The Book of Ruth

While we’re on the matter of models, try dissecting one. First, go read the book of Ruth.   How do Naomi and Ruth model Israel and the church, respectively?  What role is Boaz in?  Can you figure out who in the book of Ruth is the model of the Holy Spirit?  (HINT: The Spirit won’t testify of himself.)

Did you read the book of Ruth?  It’s only four chapters, so it’s a quick read.  In a nutshell, Naomi and her hubby go on a road trip to Moab to get away from a famine.  Naomi’s sons both marry Moabite women.  All the menfolk in the family die.  Naomi, hearing the famine is over, returns to Bethlehem.  Ruth, one of her daughters-in-law, goes along.  Ruth heads out to collect gleanings, which was a sort of a Jewish welfare system.  Reapers could go through the field only once.  Anything that was left was for the poor to collect and eat.  The guy who owns the field Ruth ends up in sees her and tells his reapers to cause her no harm and leave some extra for her to collect.  Naomi notices that Ruth comes home with too much stuff and finds out who owns the field.  Boaz is a redeemer of the family so Naomi instructs Ruth how to get Boaz’s attention.  Boaz takes care of everything.  They get married at the end.

Boaz was what is called a “Goel” or kinsman redeemer.  In Israel, when land is sold, it’s not an absolute transfer the way we think of it.  It’s really what we would call a lease.  A contract is drawn up and sealed, and the instructions for redeeming the land early are written on the outside.  In the Jubilee year, all land goes back to the original owner, but to get the land back sooner, the nearest kin can fulfill whatever the deed requires to get it back.  The kinsman redeemer is also expected to marry the widow of a deceased kinsman and raise up offspring for his dead relative.  This was called a “levirite marriage.”  The kinsman redeemer is not required to do any of this, but he has that option.  If he declines, then the next nearest kinsman has the right to take over the responsibilities.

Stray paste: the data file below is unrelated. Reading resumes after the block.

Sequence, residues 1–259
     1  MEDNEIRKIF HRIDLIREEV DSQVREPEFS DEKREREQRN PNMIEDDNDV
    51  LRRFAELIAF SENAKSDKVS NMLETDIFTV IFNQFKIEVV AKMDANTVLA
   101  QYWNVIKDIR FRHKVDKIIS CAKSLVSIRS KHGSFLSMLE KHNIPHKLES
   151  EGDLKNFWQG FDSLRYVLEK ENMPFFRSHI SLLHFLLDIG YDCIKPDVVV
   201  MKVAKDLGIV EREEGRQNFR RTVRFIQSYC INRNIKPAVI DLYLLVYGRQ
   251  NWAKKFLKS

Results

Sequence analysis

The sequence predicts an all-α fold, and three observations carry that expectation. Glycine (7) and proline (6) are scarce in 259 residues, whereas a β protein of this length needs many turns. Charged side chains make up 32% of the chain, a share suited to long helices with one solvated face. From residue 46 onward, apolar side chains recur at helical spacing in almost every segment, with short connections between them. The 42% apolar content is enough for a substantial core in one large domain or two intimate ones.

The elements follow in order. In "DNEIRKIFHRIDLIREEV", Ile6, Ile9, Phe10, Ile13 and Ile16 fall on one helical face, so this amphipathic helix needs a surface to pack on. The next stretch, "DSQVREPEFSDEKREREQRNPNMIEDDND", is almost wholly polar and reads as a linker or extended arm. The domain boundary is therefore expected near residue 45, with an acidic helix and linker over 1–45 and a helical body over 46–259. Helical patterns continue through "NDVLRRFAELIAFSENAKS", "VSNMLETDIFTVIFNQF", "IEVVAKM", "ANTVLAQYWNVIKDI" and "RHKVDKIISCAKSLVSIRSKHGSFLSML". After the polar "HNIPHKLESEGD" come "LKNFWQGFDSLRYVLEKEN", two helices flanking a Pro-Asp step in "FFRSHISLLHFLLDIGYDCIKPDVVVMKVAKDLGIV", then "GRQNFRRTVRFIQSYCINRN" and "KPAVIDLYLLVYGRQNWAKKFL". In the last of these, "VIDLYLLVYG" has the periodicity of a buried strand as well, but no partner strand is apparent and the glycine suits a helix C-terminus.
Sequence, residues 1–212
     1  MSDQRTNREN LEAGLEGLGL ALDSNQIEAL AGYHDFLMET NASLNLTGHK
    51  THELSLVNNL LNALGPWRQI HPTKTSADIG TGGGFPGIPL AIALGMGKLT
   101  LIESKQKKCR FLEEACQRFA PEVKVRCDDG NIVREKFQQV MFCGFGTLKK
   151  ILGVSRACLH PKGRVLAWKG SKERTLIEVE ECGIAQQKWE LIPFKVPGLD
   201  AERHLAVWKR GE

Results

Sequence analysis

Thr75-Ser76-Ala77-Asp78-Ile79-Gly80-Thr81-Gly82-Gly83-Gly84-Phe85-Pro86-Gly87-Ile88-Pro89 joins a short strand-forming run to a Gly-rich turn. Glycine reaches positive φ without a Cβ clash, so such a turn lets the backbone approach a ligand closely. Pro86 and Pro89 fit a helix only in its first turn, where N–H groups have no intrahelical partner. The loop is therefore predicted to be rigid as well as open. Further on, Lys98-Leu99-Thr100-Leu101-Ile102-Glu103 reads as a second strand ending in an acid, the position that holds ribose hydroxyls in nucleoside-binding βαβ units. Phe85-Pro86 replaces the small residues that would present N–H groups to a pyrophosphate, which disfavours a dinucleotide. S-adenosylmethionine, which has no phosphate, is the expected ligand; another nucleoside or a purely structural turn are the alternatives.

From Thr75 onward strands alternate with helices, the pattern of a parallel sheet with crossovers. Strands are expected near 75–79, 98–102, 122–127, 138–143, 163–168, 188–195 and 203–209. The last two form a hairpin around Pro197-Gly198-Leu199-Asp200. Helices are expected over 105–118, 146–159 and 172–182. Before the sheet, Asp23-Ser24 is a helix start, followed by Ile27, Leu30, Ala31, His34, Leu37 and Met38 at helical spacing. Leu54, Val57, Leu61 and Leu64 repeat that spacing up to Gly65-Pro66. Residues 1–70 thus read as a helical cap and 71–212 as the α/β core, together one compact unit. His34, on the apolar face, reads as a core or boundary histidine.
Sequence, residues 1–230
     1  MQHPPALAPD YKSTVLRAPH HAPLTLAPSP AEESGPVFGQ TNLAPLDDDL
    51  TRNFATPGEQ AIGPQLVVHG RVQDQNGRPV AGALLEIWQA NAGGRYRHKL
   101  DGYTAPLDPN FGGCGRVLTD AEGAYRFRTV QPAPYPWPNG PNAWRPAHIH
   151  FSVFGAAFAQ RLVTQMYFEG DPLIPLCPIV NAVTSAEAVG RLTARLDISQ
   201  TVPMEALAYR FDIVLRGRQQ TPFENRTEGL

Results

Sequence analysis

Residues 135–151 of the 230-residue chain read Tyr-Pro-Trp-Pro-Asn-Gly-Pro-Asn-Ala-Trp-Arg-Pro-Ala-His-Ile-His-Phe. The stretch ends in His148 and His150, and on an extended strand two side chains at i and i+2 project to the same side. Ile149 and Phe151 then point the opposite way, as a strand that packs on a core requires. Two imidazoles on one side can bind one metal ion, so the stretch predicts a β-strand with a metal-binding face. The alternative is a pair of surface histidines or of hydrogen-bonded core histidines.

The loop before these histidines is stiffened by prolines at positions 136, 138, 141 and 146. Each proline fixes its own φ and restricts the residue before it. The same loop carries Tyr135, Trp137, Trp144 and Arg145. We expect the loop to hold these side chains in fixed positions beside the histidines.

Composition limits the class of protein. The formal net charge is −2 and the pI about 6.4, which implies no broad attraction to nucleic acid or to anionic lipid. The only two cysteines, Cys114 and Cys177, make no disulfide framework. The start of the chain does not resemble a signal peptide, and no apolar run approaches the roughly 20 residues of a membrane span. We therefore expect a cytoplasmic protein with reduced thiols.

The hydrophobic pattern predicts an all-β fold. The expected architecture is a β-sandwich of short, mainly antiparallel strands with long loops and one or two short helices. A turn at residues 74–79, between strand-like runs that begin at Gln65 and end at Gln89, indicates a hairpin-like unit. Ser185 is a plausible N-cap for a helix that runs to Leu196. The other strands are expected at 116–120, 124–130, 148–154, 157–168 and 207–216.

So, Boaz was not Naomi’s nearest kin.  That’s why he had to confront the nearer kinsman at the city gate.  Technically, it was Ruth’s job to do that, but Boaz fulfills the requirements of the law for her.  Once the nearer kinsman declines to redeem the land for Naomi and marry Ruth – he had to do both – Boaz is free to marry Ruth and redeem the land.

Boaz is in the role of our “goel.”  He fulfilled the requirements of the law for Ruth so he could take a Gentile bride and restore the land to Naomi.  Who is our “goel?”  Jesus Christ.  He fulfilled the requirements of the law for his Gentile bride and will be coming to restore the land to its rightful owner.

Naomi was a Jewish woman who taught a Gentile woman what to do to approach Boaz.  Naomi is in the role of Israel.  Israel is often spoken of as divorced or widowed.  Naomi is a widow in this story.  Through the actions of the kinsman redeemer Naomi – and Israel – will get the land back.

Ruth is the Gentile bride of the kinsman redeemer.  Who is the Bride of Christ?  The Church.

So, who was the Holy Spirit in this model?  Well, look at who introduced Boaz to Ruth.  It wasn’t Naomi.  It was an unnamed servant.  Remember the Spirit never testifies of himself.  He is often, but not always, an unnamed servant in these adventures.

One last bonus trivia point for you: The threshing floor is often used as an idiom for the Great Tribulation.  If Boaz is a model of Christ in this story, where is Ruth when the thrashing floor happens?  At the feet of Boaz.  We know from Revelation that during the Great Tribulation, Jesus is in heaven until the end.  So if the Church is at his feet, where are they?  Yep.  Same place.

By the way, the significance of Ruth asking him to cover her with the hem of his skirt is not what you might think.  She’s not propositioning him.  She’s asking for his authority and protection to be placed over her.  In Israel, rank and authority were shown on the hems of garments.

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